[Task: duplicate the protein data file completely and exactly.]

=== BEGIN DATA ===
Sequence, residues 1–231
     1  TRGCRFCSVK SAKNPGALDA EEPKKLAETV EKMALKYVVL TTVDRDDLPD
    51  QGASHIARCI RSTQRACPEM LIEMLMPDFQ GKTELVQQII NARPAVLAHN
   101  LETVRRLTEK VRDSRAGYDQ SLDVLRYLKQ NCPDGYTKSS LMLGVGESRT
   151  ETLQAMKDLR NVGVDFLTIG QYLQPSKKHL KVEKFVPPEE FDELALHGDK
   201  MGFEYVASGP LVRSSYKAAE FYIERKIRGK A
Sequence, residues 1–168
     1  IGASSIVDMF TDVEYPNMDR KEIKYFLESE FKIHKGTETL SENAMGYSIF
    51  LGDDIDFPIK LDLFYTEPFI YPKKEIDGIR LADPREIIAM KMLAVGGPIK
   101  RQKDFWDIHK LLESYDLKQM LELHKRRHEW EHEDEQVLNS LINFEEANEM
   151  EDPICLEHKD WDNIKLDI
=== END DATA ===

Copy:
Sequence, residues 1–231
     1  TRGCRFCSVK SAKNPGALDA EEPKKLAETV EKMALKYVVL TTVDRDDLPD
    51  QGASHIARCI RSTQRACPEM LIEMLMPDFQ GKTELVQQII NARPAVLAHN
   101  LETVRRLTEK VRDSRAGYDQ SLDVLRYLKQ NCPDGYTKSS LMLGVGESRT
   151  ETLQAMKDLR NVGVDFLTIG QYLQPSKKHL KVEKFVPPEE FDELALHGDK
   201  MGFEYVASGP LVRSSYKAAE FYIERKIRGK A
Sequence, residues 1–168
     1  IGASSIVDMF TDVEYPNMDR KEIKYFLESE FKIHKGTETL SENAMGYSIF
    51  LGDDIDFPIK LDLFYTEPFI YPKKEIDGIR LADPREIIAM KMLAVGGPIK
   101  RQKDFWDIHK LLESYDLKQM LELHKRRHEW EHEDEQVLNS LINFEEANEM
   151  EDPICLEHKD WDNIKLDI